Hang on to Yourself: Last chance to catch StillPointe Theatre’s “Hedwig”

Stillpoint Hedwig
Image stolen from StillPointe’s Facebook feed.

Break out your favorite shimmery glitter and electric blue eyeshadow, my pretties, it’s time for another journey into the belly of the beast of that job we call blow—I mean, business we call show. The instant-classic musical is back, and there is no such thing as too much of the rock diva Hedwig, even if her backing band the Angry Inch is all she has to work with. If you’ve seen the 2001 film, if you saw any of the sold-out performances produced over 2004-’05 by the Mobtown Players starring Jordan Siebert, and even if you saw Iron Crow Theater’s 2010 staging, Stillpointe Theatre’s current production, which makes it second and final stop at the Ottobar tonight, is a must if you’re a fan and as ideal an introduction for newbies as you’ll ever get.

Hedwig is the Citizen Kane of East German genderqueer never-was-a-rock-star epics, and writer/creator John Cameron Mitchell and music/lyricist Stephan Trask workshopped the production in NYC clubs before it debuted off-Broadway in 1998. StillPointe staging this stand-up meets rock gig musical in Baltimore’s stalwart indie-rock venue is a stroke of art direction ingenuity. An intimate rock-club vibe is hard to replicate, and part of me wishes we were still living in the bad, old days when you could stand in a club with a can of cheap beer in one hand and a Lucky Strike in the other. Taking in Hedwig’s wig-flailing, cliché stage antics and her hilariously touching between-songs banter practically invites the self-destructive dance that flits from liver damage to lung cancer and back.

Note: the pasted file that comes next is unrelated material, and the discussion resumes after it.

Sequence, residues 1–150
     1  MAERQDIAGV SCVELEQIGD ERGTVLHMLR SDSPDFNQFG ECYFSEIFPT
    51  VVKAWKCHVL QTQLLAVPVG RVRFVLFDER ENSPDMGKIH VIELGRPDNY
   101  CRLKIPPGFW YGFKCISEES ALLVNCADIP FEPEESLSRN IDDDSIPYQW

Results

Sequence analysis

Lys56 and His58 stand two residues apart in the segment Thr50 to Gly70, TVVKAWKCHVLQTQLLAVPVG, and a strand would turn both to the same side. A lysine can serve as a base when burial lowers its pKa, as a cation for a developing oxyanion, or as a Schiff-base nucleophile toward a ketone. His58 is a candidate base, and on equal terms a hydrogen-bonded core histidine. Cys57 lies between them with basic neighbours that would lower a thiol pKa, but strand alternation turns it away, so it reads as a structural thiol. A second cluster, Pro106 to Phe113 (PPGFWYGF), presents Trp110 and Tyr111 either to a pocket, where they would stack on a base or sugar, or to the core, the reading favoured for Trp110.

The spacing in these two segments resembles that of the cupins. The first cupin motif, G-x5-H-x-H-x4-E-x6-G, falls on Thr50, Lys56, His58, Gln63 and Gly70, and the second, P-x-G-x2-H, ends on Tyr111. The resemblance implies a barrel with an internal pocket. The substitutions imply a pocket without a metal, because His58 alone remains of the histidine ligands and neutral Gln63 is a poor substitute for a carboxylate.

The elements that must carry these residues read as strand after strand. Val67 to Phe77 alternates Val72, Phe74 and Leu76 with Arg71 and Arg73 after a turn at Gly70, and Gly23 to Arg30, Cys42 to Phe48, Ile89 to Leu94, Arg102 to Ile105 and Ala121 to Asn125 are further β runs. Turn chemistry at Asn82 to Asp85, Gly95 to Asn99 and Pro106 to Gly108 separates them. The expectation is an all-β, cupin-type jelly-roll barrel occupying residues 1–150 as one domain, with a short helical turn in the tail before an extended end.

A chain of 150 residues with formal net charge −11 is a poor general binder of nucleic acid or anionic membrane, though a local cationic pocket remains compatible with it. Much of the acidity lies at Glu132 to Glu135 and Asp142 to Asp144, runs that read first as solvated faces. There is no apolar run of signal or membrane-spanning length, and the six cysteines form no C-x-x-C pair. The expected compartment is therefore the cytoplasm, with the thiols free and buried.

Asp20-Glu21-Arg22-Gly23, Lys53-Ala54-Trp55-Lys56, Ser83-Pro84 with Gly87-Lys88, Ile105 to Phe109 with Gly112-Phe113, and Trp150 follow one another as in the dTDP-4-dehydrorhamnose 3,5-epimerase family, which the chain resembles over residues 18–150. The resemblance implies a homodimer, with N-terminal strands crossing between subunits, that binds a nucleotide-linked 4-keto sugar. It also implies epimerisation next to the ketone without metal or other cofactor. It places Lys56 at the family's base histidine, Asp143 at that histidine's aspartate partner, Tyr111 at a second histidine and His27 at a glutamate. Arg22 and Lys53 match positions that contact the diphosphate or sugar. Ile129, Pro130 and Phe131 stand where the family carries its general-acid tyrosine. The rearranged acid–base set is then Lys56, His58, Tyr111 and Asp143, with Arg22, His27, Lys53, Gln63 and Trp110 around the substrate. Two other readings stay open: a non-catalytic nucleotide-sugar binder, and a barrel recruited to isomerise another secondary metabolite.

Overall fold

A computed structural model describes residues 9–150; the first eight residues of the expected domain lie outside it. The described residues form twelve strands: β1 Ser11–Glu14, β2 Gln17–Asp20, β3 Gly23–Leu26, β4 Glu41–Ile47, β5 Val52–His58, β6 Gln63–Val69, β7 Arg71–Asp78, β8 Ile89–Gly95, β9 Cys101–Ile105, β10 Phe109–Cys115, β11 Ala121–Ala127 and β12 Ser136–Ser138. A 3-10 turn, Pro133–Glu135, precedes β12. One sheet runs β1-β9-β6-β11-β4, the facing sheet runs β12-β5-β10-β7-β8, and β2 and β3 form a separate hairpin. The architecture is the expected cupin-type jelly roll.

Hedwig—played by workhorse Adam Cooley, who produced, starred, and directed the 2011 productions at Creative Alliance at the Patterson—her husband/backing ground singer Yitzhak (Lex Holzer), and the Angry Inch (bassist Jeff Palladino, guitarist David Gregory, drummer Spencer Sinnott, and keyboard player Stacey Antoine) hit the stage, and over the next roughly 100 minutes she recounts her childhood in East Berlin, botched gender-reassignment surgery, abandonment in middle America by her sugar daddy, and tumultuous love affair with the Christian teenaged son of a military man and the beautifully rocking music they started out making together. Hedwig’s story isn’t so much a triumph over adversity as a celebration of the audacity for dreaming about the supposedly impossible, told through a menagerie of songs that are as genuinely moving as they are patently outlandish. Hedwig‘s songbook is so effortlessly overstuffed with melodrama and longing for decadent 1970s glam that it fills The Darkness with such envy they can’t fit into their tiny leather pants.

And, seriously, if there’s a better way to begin the final weekend of 2017 than singing along with a musical that invites all the strange rock ‘n’ rollers to hold on to each other to get through whatever night is coming, the goddesses have yet to bestow that gift upon us. Lift up your hands. Lift up your fists.

Tickets available online or at the door.

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